We need to close the bar and then check ourselves into rehab.

For these links we give thanks

November 26, 2008

Just in case you didn’t know, helicopters don’t glide very well. There have been a rash of medical helicopter crashes lately, which makes some people wonder if they are used too often. This issue is being investigated, and the use of air ambulances is down. So either the number of serious illness and injuries are down (doubtful) or the choppers are flying less. Hmm… why would anyone call for an airlift when it wasn’t needed?

Don’t go here for your medical information, they’ll scare you half to death. And don’t always believe these guys. And if you are looking for drug information, don’t look here. Check out Medscape instead. It’s FREE, and Medscape has a much better drug reference page.

Dr. Wes’ brother asks “Hey, you wanna see an operation?” If you want to see an operation (double bypass heart surgery) click this link. WARNING: The blood is real, and the bone saw is pretty loud.

Laurie smells a familiar smell on a subway car and it takes her back… to an unpleasant place.

Got Heart Failure? Then work it, baby!

I think I know why he is the Happy Hospitalist… he leaves all his frustrations on his blog. Here, Happy tells the story of the guy who thinks that free = more. I’ll take an eye exam, and a rotator cuff repair, with a side order of dental. Oh, and clean out my earwax, too; someone else is paying for it! The costs add up – an implantable defibrillator costs almost as much as some people make in a year. And when you consider this, you realize that our financial situation is just going to get worse. Pay off those credit cards, folks!

Maybe they’ll let us use a spider as payment.

Sometimes though, especially around the holidays, what we really need is a friend.

It’s almost Thanksgiving Day, and I’m spending Thursday with the family. Friday, a friend and I were supposed to just have lunch together, but she has the entire day off! So I’ll be away most of Friday, too. Have a safe, happy, and wonderful Thanksgiving; and remember to be kind to your fellow man and your four legged friends.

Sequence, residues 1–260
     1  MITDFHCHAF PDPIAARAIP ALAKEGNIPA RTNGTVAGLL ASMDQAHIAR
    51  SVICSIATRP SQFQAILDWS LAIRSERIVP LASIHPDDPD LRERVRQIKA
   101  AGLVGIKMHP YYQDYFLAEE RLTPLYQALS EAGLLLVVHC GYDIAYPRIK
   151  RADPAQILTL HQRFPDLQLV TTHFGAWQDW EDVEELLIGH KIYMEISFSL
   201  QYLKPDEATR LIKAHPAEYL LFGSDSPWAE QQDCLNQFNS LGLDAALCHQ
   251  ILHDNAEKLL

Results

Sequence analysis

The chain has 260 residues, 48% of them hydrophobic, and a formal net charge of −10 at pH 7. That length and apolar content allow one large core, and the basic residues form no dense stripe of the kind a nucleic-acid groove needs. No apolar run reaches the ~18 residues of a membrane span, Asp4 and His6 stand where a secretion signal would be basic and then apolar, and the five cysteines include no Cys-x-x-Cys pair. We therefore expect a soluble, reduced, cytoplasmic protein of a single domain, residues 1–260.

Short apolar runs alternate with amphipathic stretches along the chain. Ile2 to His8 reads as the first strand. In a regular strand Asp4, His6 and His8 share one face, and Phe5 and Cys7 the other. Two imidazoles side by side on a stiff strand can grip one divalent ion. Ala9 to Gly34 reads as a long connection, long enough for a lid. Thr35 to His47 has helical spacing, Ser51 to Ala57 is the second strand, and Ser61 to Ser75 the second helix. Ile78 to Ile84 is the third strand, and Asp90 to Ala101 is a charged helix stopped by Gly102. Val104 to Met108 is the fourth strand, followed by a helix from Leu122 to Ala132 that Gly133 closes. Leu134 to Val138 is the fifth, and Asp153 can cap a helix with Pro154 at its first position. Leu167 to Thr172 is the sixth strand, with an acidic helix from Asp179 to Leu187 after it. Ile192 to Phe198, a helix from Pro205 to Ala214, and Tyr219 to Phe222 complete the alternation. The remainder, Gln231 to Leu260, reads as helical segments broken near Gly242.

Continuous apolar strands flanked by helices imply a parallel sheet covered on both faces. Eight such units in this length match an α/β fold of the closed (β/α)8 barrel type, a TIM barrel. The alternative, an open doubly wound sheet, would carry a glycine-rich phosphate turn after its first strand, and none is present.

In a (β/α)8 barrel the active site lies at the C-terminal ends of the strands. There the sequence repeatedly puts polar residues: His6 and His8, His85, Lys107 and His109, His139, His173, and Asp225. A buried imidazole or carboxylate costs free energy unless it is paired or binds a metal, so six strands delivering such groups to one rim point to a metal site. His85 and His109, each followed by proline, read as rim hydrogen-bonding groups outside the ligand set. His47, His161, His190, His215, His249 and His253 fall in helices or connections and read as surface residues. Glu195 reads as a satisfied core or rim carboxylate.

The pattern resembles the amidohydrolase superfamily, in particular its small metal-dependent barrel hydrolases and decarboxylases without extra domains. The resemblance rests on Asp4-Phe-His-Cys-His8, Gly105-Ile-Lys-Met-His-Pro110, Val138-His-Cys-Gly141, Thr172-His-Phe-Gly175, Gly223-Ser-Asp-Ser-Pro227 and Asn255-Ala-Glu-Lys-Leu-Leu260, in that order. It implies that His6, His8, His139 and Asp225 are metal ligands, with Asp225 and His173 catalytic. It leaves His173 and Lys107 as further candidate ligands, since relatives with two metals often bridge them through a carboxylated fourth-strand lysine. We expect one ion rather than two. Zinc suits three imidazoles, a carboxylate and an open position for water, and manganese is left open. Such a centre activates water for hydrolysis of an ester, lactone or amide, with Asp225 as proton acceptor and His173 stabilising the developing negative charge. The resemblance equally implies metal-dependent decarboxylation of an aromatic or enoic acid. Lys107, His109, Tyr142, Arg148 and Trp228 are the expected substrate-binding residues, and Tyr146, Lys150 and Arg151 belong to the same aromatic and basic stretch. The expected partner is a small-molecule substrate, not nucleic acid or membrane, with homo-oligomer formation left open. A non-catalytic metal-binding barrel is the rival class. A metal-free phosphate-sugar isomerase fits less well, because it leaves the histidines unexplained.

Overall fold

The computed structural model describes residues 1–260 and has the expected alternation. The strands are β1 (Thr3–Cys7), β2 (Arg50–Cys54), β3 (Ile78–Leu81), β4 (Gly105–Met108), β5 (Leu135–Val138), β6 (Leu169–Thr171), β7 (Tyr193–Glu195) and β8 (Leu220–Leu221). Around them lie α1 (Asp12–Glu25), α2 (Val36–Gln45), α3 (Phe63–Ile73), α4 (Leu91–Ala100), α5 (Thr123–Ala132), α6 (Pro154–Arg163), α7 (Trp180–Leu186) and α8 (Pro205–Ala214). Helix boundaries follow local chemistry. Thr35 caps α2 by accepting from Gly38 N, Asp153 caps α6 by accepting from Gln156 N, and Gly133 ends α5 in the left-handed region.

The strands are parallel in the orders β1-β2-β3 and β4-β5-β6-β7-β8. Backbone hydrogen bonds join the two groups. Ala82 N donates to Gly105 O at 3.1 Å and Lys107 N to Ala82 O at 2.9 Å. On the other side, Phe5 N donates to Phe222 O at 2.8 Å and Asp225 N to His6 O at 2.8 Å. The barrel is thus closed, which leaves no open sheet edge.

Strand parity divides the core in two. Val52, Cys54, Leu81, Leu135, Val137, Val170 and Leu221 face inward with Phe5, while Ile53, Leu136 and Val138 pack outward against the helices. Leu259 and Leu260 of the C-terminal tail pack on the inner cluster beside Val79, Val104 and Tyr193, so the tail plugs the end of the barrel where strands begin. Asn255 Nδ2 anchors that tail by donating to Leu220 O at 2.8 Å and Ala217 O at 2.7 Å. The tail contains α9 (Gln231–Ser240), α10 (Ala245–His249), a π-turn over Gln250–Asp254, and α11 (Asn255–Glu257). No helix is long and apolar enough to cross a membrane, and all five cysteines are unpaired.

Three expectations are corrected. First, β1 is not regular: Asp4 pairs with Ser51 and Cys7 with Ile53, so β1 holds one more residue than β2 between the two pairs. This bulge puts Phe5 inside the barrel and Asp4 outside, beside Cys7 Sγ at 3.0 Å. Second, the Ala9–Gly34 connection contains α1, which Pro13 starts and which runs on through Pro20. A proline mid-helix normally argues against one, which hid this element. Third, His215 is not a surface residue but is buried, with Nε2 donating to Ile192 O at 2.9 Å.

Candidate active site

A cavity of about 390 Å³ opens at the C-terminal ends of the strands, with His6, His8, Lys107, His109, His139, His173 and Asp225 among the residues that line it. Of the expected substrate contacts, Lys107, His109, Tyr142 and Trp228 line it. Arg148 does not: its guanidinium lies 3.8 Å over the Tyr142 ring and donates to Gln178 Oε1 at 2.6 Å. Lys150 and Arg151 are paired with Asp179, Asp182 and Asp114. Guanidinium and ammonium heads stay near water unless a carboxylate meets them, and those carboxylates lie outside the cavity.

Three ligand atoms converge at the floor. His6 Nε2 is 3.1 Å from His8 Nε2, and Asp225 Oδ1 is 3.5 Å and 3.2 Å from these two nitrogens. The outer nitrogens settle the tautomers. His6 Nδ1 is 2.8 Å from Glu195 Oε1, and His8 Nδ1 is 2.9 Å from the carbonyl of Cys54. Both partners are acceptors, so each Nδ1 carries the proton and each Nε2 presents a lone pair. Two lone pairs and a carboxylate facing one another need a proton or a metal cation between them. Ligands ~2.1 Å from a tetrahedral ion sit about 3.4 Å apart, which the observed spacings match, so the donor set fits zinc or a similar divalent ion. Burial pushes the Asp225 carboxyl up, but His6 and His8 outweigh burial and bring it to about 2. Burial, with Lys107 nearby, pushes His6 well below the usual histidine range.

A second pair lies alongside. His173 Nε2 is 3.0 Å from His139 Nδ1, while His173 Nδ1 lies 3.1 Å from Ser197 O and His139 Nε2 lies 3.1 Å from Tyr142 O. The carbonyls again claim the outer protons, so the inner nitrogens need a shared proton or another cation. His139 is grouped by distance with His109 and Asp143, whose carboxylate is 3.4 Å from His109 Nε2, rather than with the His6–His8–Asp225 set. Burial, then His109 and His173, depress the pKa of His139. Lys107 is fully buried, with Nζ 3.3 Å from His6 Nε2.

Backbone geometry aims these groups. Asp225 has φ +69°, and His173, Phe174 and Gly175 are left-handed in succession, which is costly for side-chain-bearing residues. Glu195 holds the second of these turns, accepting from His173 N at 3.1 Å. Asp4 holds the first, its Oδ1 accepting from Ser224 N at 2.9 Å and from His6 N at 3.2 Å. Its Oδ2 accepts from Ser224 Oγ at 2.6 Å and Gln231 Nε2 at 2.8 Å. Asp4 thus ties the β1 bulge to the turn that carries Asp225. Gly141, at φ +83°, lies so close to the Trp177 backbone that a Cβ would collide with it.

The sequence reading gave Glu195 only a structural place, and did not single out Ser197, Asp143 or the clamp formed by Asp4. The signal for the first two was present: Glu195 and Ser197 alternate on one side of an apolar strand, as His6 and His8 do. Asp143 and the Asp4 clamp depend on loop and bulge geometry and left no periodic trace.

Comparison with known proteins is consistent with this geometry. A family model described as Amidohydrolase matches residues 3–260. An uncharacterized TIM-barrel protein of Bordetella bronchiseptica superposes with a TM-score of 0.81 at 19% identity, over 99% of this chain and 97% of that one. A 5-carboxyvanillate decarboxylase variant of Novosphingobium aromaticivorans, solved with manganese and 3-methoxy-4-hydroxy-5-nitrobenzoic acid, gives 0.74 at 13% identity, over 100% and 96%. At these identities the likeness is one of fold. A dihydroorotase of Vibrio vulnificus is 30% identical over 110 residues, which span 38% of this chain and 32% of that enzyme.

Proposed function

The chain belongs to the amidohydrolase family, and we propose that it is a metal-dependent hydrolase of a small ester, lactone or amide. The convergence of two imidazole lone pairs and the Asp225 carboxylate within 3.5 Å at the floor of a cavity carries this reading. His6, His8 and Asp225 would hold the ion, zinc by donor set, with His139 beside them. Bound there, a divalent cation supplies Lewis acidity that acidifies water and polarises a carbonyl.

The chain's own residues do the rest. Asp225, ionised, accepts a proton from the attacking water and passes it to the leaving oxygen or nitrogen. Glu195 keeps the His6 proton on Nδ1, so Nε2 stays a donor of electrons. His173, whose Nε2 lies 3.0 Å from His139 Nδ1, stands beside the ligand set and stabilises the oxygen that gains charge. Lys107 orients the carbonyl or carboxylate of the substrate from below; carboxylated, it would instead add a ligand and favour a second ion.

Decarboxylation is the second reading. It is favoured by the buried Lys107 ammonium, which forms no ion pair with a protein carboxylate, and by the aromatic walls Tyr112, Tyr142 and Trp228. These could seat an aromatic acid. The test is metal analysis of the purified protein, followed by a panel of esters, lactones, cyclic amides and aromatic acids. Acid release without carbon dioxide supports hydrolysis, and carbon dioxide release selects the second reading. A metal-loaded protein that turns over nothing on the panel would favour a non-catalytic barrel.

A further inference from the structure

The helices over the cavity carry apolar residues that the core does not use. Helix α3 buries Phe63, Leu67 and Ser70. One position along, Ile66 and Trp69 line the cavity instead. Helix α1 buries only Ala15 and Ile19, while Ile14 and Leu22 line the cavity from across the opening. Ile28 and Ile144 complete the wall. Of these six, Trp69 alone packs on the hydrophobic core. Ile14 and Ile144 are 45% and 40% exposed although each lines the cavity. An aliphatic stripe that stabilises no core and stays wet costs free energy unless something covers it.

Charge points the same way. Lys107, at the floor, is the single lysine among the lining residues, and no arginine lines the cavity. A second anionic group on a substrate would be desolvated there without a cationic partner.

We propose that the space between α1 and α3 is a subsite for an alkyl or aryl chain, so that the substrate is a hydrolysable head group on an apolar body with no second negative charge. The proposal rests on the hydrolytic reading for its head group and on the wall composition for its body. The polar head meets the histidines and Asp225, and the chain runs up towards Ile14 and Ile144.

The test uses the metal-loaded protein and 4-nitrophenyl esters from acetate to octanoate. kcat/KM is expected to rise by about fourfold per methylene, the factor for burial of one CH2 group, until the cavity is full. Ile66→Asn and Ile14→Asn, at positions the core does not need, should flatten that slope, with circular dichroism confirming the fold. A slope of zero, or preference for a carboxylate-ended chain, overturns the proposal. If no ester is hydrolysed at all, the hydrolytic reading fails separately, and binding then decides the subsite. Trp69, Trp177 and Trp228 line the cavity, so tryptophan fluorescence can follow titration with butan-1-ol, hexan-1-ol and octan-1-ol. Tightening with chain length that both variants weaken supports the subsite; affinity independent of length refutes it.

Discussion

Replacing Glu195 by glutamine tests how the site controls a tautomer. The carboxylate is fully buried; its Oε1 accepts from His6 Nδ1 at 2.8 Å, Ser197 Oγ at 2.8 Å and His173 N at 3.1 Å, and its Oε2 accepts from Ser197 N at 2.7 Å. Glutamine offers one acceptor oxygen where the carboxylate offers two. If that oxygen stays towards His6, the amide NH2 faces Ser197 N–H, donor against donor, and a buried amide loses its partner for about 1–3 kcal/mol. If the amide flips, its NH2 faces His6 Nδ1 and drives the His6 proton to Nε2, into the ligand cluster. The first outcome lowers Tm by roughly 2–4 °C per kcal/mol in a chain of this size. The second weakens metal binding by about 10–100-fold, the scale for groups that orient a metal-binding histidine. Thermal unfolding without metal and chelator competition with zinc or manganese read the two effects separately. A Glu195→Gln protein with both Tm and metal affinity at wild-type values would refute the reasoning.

And don’t forget, Saturday is Red and Blue Day!

Always yours;


The Funky Heart

“The Wrong Place to be Chronically Ill”

November 19, 2008

We’ve got problems.

I think anyone can agree with that, but this editorial in the New York Times reports the results of a study published by The Commonwealth Fund shows we’ve got BIG problems. Chronically ill adults from eight industrial countries were surveyed, and in the United States: (Read or download a .pdf file of the report HERE.)

* 54% of Americans did not receive care or fill a prescription because of cost;

* 34% say that their care was delayed because of “lack of coordination”… in other words, the results of a test or procedure not being available when needed;

*34% also said they had fallen prey to some type of medical error.

That’s shameful. Congenital Heart Defect survivors are living proof that the United States provides the best medical care in the world… And this report proves that not everyone can take afford to take advantage of it.

So what’s the answer?

My answer, I hate to say, will scare you: “I don’t know.” I don’t think that Universal Health Care is the answer. Chronic Illnesses already cost Americans a LOT of money. How much? Did the recent 700 BILLION dollar bailout give you a chill? We already pay two bailouts each year just to cover the costs of Chronic Illnesses. And we need more Primary Care doctors.

The head of the Massachusetts Group Insurance Commission recently said that insurers can help to keep costs down by limiting patients to just the cheapest and best hospitals. The problem is, we don’t think like that. People believe that bigger hospital + better reputation = better results. That’s not always true – but you’ll gladly pay for it.